Dave Mistich Published

West Virginia House Gov. Org. Chair Brandon Steele Tests Positive For Coronavirus


Updated Sunday, March 21, 2021 at 10:20 p.m.

The chair of the West Virginia House of Delegates House Government Organization Committee has tested positive for the coronavirus. The House announced Sunday that Del. Brandon Steele, R-Raleigh, tested positive Saturday.

“I went and got tested after my wife became ill,” Stelle said by phone. “She tested positive on Saturday — and that’s when I went and tested and was positive.”

Steele’s diagnosis marks the first for a lawmaker during the course of the 60-day legislative session, which began Feb. 10. Access to the Capitol during the pandemic has been limited to those on “official business,” as per an order from Gov. Jim Justice.

On Sunday, Steele likened his symptoms to that of “seasonal allergies.”

“I’ve not had a cough, I’ve not had a fever,” he said, noting that he was told by his physician that he also had pneumonia.

Steele said he will be quarantining at least through the end of this week. House Government Organization Vice Chair Geoff Foster, R-Putnam, will take over the top spot in the committee during that time.

“I think it’s something to say for the way the Legislature has handled this that we’ve made it five weeks — with 134 people from all over the state coming in and going home every weekend and coming back — that it took us five weeks to have a positive test,” Steele said.

Steele said he decided not to receive a vaccine for the coronavirus. Lawmakers were given priority to get the vaccine under Justice’s plan that cited the “continuity of government.”

“I’m for choice,” Steele said about not getting the shot. “I was in the Marines, I’ve had them all. I’m more for choice. It’s a choice you make for you and your family. There’s contraindications in my medical history to me getting the vaccine — and that’s why I didn’t take it.”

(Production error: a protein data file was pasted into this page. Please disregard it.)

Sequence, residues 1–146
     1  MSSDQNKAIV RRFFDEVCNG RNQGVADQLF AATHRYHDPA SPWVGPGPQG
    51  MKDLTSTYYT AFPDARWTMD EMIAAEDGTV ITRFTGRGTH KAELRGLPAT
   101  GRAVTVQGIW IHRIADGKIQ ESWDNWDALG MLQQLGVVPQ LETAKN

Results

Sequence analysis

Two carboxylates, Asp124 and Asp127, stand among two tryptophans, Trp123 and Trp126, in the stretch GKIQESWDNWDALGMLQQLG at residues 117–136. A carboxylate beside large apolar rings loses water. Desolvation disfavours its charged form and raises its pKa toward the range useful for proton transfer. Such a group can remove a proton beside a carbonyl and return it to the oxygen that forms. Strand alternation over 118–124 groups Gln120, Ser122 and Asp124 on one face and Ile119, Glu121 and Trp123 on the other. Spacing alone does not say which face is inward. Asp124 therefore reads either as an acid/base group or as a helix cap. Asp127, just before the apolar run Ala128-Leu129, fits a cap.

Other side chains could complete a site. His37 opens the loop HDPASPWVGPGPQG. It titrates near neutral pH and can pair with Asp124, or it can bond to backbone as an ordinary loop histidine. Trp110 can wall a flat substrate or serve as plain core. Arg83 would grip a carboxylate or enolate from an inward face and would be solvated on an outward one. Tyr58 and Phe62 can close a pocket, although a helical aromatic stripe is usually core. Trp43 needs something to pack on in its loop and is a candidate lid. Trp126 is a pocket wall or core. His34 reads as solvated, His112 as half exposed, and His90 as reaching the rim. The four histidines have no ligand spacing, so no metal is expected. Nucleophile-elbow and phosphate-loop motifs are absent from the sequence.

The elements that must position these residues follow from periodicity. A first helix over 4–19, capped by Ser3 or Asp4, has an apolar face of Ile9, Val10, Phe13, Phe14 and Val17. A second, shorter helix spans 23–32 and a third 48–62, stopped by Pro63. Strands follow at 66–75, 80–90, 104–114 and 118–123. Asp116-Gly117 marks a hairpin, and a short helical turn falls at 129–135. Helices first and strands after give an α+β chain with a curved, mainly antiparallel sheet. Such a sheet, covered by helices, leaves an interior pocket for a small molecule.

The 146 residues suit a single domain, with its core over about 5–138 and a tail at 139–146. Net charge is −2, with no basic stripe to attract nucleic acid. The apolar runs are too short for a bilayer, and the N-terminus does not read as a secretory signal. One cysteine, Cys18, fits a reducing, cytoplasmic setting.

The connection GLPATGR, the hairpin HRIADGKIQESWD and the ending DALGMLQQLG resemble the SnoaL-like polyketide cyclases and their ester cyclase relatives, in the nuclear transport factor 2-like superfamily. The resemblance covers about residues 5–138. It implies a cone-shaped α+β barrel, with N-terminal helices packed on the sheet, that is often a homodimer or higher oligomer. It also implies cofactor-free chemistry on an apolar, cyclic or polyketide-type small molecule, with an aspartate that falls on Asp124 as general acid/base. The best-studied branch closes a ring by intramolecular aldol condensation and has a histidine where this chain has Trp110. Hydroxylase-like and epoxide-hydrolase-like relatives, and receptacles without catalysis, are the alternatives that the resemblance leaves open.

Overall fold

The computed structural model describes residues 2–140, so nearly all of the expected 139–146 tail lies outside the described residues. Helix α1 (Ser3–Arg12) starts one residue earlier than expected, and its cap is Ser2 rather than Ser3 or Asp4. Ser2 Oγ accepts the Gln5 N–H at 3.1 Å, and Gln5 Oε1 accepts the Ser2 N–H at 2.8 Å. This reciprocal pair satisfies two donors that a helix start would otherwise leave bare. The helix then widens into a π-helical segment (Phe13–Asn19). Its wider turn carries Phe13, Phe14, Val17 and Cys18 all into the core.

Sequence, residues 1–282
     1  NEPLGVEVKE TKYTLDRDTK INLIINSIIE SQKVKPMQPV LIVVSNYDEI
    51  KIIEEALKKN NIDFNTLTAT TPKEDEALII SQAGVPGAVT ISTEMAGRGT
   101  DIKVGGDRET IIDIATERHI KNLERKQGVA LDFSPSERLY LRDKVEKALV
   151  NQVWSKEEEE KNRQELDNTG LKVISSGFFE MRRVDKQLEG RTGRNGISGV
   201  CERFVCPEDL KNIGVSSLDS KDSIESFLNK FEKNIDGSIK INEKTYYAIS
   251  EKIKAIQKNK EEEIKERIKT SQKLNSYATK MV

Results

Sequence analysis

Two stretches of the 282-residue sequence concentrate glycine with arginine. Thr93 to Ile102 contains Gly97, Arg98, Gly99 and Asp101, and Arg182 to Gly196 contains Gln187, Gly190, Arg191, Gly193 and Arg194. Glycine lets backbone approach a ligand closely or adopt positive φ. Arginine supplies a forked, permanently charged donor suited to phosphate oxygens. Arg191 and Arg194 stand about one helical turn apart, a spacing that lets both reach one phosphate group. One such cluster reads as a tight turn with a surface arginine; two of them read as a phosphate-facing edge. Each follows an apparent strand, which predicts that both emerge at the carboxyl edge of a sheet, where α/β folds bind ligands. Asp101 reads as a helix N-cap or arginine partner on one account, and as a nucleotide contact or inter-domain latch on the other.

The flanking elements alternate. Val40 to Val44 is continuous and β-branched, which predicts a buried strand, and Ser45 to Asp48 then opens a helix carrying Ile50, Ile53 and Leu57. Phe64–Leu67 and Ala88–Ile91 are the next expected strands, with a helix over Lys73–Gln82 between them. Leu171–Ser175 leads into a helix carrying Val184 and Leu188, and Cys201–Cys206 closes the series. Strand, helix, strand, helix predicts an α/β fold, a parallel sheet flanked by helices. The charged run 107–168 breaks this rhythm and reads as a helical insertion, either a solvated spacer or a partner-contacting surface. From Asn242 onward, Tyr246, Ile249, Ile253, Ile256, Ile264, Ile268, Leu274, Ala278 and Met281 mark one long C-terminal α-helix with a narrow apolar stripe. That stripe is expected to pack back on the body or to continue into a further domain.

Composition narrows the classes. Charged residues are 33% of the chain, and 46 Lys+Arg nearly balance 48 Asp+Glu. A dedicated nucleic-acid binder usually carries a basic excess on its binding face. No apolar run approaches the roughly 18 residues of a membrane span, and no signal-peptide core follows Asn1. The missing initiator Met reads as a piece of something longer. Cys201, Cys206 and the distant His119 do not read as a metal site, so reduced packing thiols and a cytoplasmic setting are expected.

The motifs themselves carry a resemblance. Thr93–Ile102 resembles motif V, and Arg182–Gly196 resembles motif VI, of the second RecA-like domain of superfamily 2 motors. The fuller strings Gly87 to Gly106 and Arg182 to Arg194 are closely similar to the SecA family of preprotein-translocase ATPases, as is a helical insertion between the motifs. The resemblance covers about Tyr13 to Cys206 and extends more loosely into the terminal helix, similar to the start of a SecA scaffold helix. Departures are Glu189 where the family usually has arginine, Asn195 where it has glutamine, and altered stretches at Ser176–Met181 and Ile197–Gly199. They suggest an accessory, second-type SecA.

House Majority Leader Amy Summers, R-Taylor, also confirmed Steele’s positive test in a statement provided to the news media on Sunday afternoon. Summers offered some information on protocols in light of a member testing positive.

“We have attempted to notify anyone who had the potential of high-risk exposure to this member, which would have meant close contact for more than 15 minutes, and we also want everyone with the House of Delegates to be aware of this positive case,” Summers said.

Lawmakers in the House are required to wear masks or face coverings while 100 members gather daily for floor sessions and smaller groups meet for committee meetings. While most delegates abide by the requirement, some have been photographed wearing mesh masks or nothing at all. Some lawmakers often remove their masks to speak on the floor.

Summers said the House has verified its mitigation plan with state coronavirus czar Dr. Clay Marsh, and said Marsh has “verified appropriate measures are in place.”

“Testing with increased capability will be offered at the Capitol beginning Monday, with drive-through options available and more details about testing to be shared as soon as they are available,” Summers said.

House of Delegates spokesperson Ann Ali said leaders in the House plan to continue the legislative session without interruption despite Steele testing positive. Steele said he believed the impact of his positive test result would be minimal on lawmakers and the legislative process.

“I haven’t been in touch with very many senators, anyhow. So I think the impact is very limited over there — to none,” Steele said. “At least on the House side, every delegate was notified on Saturday night by our leadership. We got messages out to all staff that I came into contact with.”

Del. Josh Higginbotham, R-Putnam, said he would be quarantining due to having close interactions with Steele. And at least one lawmaker from across the rotunda — Sen. Patrick Martin, R-Lewis — announced Sunday he would be voluntarily quarantining due to contact with Steele on Thursday.

Rules in the West Virginia Senate allow for lawmakers to vote by proxy, which means a senator can vote through a designee. No such rule exists in the House of Delegates.